ERROR TO THE SUPREME COURT OF THE TERRITORY OF OKLAHOMA.
MR. CHIEF JUSTICE FULLER delivered the opinion of the court.
In Knight v. United States Land Association, 142 U.S. 161, the supervisory power of the Secretary of the Interior over all matters relating to the sale and disposition of the public lands, the surveying of private land claims and the issuing of
patents thereon, and the administration of the trusts devolving upon the government by reason of the laws of Congress or under treaty stipulations, respecting the public domain, was fully considered, and numerous authorities cited. It was declared by Mr. Justice Lamar, speaking for the court, that the Secretary was clothed with plenary authority as the supervising agent of the government to do justice to all claimants, and to preserve the rights of the people of the United States, and that he could exercise such supervision by direct orders or by review on appeal, and, in the absence of statutory direction, prescribe the mode in which it could be exercised by such rules and regulations as he might adopt.
In the execution of the trusts created by the act of May 14, 1890, the Secretary of the Interior on June 18, 1890, issued a circular setting forth such regulations. (10 Land Dec. 666.) Of these, paragraph 12 provided for the hearing and determination by the town site trustees of controversies between two or more claimants to the same lot, block, or parcel of land, and paragraph 13 for an appeal from their judgment to the Commissioner of the General Land Office, and an appeal from the Commissioner to the Secretary. On May 8, 1891, this paragraph was amended by adding thereto the words: "A failure to appeal as herein provided shall not be construed as a waiver of, or to prejudice the rights of either party, nor held to preclude suits in the courts in case the party entitled to appeal desires to proceed in that manner for the purpose of settling the title to the lot or lots in controversy." (12 Land Dec. 612.) These regulations were referred to by the Secretary under date of July 3, 1891, in certain instructions to the Commissioner of the General Land Office, in which it was ruled that the Secretary was authorized to allow appeals from the decisions of the town site trustees under the act of May 14, 1890, to the Commissioner, even though the act did not expressly provide for an appeal in such cases. (13 Land Dec. 9.) The question of the right of appeal is there discussed at length, and again on March 15, 1892, (14 Land Dec. 295,) by the Assistant Secretary, who decided that the issue of the patent to town site trustees under the act was not a disposition
of the government title, but a conveyance in trust to be held under the direction of the Secretary of the Interior.
This proposition is denied, and it is insisted that the authority of the Secretary relates solely to public lands, the title to which is still in the United States, and that by the issue of the patent to town site trustees the title passes and all control over the lands embraced therein is lost. Hence that in this case the title of the United States passed by the patent to the trustees, and that they held it thereafter in trust for the occupants, free from the control of the Land Department. Reference is made to Moore v. Robbins, 96 U.S. 530, and like cases, to the point that when a patent has been awarded, issued, delivered, and accepted, all right to control the title or to decide on the right to the title has passed from the executive department of the government. But those cases refer to the legal title directly and finally conferred, and the principle invoked can only be applicable on the assumption that by the town site conveyance title was granted to the Oklahoma trustees for the purpose of divesting the government of all authority and control over the final disposition of the property, and not for the purpose of putting title in the trustees as agents of the government for the execution of the trust devolving upon them as such. Whether this assumption is justified or not must depend upon the terms and true construction of the act of May 14, 1890.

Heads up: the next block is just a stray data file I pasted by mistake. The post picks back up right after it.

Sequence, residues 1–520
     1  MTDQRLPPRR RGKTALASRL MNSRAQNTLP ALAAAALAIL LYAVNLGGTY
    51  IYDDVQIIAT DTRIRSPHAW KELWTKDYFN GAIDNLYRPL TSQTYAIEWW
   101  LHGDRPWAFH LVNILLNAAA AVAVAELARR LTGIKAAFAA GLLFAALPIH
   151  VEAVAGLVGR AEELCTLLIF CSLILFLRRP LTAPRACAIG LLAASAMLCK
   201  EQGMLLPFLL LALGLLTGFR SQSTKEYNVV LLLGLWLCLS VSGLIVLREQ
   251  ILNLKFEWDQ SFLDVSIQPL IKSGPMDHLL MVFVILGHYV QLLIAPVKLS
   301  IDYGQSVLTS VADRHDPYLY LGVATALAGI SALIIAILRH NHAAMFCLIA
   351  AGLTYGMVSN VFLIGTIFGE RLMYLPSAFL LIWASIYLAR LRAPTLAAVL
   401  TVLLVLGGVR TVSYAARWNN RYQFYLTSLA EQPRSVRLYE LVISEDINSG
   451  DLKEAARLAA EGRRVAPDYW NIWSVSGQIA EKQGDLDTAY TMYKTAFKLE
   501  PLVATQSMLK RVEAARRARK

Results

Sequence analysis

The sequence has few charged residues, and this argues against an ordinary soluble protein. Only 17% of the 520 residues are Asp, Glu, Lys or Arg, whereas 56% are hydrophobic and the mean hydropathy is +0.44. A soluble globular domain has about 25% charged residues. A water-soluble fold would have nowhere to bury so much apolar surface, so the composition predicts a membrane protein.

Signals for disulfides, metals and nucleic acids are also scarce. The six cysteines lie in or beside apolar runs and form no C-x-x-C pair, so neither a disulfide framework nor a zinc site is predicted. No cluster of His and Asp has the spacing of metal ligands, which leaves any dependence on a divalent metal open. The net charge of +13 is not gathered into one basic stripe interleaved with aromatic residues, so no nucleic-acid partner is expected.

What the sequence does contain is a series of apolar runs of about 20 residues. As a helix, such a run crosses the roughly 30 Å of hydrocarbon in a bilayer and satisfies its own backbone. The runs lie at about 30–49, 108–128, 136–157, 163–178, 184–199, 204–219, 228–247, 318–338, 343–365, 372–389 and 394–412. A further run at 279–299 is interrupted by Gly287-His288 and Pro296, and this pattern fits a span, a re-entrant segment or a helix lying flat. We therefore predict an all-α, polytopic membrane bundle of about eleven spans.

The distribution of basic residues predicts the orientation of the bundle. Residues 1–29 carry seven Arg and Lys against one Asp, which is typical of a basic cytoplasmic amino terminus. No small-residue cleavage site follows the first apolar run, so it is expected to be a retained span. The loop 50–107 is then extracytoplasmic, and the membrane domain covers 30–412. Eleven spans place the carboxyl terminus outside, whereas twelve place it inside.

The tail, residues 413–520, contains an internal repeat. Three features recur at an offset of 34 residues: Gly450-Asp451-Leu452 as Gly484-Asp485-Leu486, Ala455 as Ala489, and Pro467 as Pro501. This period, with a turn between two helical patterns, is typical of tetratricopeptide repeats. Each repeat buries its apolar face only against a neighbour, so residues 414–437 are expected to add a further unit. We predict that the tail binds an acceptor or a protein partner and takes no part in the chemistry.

By section one of that act the land that might be embraced in each town site entry was limited, and it was prescribed that the entry should be made for the several use of the occupants thereof by three trustees to be appointed by the Secretary of the Interior for that purpose, and that when the entry should have been made the Secretary should provide regulations for the proper execution of the trust by such trustees, including surveys when necessary, or the approval of such survey as might already have been made by the inhabitants, and for the assessment upon the lots of such sum as might be necessary to pay for the lands embraced in such town site, costs of survey, conveyance of lots, and other necessary expenses, including compensation of trustees.
Section two provided that in the execution of such trust and for the purpose of the conveyance of title by the trustees, any certificate or other paper evidence of writing duly issued by the authority recognized for such purpose by the people residing upon any town site, the subject of entry thereunder, should be taken as evidence of the occupancy by the holder thereof of the lot or lots therein described, except that where there might be an adverse claim to such property such certificate should only be prima facie evidence of the claim of occupancy.
Section four directed that all lots not disposed of as thereinbefore provided for should be sold under the direction of the Secretary of the Interior for the benefit of the municipal government of any such town, or the same or any part thereof might be reserved for public use as sites of public buildings or for the purpose of parks, if in the judgment of the Secretary such reservation should be in the public ...